Quilting, and many other domestic crafts, has long been considered the realm of women (and sometimes was dismissed because of that). But quilting is a serious art, and it’s not just for women. Homefront & Battlefield: Quilts & Context in the Civil War, now on view at the New-York Historical Society, features this quilt made by a Civil War soldier–and made from both Union and Confederate uniforms.
This quilt, which comes to our exhibit from the Oklahoma Museum of History, was made by Sergeant Stephen A. Lewis (1838–1923) of the 104th Ohio Volunteer Infantry. Lewis was captured by Confederate soldiers after being wounded at the Battle of Franklin, Tennessee, but managed to flee as they were marching the prisoners in Georgia. He found shelter with a slave woman who risked her life to hide him, and was able to recover in a Union army hospital in Louisville, Kentucky. While there, he made this quilt from scraps of blankets and uniforms. According to our researchers, “In the 1920s, during a terrible period of racial conflict in Oklahoma, Lewis sheltered an African-American, remembering the slave who had saved him.”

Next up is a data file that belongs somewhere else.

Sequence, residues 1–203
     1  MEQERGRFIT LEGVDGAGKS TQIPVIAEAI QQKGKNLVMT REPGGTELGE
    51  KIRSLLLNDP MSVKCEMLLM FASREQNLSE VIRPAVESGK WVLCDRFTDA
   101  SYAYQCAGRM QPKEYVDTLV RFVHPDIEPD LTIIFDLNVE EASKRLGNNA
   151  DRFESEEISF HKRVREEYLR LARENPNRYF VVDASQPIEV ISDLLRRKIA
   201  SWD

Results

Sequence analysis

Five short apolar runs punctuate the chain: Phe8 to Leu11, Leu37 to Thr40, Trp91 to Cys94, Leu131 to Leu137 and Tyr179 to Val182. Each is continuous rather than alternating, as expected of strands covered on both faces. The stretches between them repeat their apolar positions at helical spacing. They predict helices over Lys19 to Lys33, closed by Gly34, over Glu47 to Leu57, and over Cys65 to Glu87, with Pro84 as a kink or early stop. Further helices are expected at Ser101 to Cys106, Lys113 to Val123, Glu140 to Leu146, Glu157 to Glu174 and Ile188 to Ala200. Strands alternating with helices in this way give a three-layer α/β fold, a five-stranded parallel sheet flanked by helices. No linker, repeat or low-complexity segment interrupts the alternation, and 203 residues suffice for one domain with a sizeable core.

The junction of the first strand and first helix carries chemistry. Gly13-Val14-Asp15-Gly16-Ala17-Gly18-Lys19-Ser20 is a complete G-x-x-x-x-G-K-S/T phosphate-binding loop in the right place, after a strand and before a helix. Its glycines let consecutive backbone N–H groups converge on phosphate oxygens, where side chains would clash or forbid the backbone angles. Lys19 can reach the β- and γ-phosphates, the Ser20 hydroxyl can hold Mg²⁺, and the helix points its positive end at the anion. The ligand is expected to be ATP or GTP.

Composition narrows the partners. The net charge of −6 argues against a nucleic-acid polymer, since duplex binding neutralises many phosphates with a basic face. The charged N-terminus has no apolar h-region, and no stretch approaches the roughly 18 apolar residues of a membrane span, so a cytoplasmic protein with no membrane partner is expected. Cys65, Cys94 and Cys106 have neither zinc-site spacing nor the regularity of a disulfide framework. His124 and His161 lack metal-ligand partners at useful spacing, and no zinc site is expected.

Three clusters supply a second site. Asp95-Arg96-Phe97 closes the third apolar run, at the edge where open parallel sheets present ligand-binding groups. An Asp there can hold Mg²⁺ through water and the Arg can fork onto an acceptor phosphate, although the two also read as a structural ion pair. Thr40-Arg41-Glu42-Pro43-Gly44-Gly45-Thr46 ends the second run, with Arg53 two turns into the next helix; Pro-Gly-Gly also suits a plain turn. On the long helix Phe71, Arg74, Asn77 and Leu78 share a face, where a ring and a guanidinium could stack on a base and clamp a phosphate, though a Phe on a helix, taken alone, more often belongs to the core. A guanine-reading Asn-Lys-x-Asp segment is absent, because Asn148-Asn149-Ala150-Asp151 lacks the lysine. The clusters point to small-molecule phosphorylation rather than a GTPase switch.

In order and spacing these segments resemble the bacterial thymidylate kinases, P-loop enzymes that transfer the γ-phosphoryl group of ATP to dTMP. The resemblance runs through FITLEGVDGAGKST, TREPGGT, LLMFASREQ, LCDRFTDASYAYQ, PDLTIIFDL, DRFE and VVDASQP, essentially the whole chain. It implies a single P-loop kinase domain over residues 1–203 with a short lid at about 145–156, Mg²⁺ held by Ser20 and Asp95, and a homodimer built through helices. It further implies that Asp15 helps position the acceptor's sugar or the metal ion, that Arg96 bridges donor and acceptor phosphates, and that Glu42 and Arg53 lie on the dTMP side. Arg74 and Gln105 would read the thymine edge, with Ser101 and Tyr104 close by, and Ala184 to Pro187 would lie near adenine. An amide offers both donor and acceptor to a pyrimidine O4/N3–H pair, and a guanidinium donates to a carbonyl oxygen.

The fact that the quilter is male may not be such a shock. According to Joe Cunningham, author of Men and the Art of Quiltmaking, ” The first professional quilters were men, participants in every aspect involving the production of textiles. Once quilting became a 19th century hobby and artistic pursuit, women became the predominant enthusiasts. Now there is a steadily growing collection of male quilt artists.”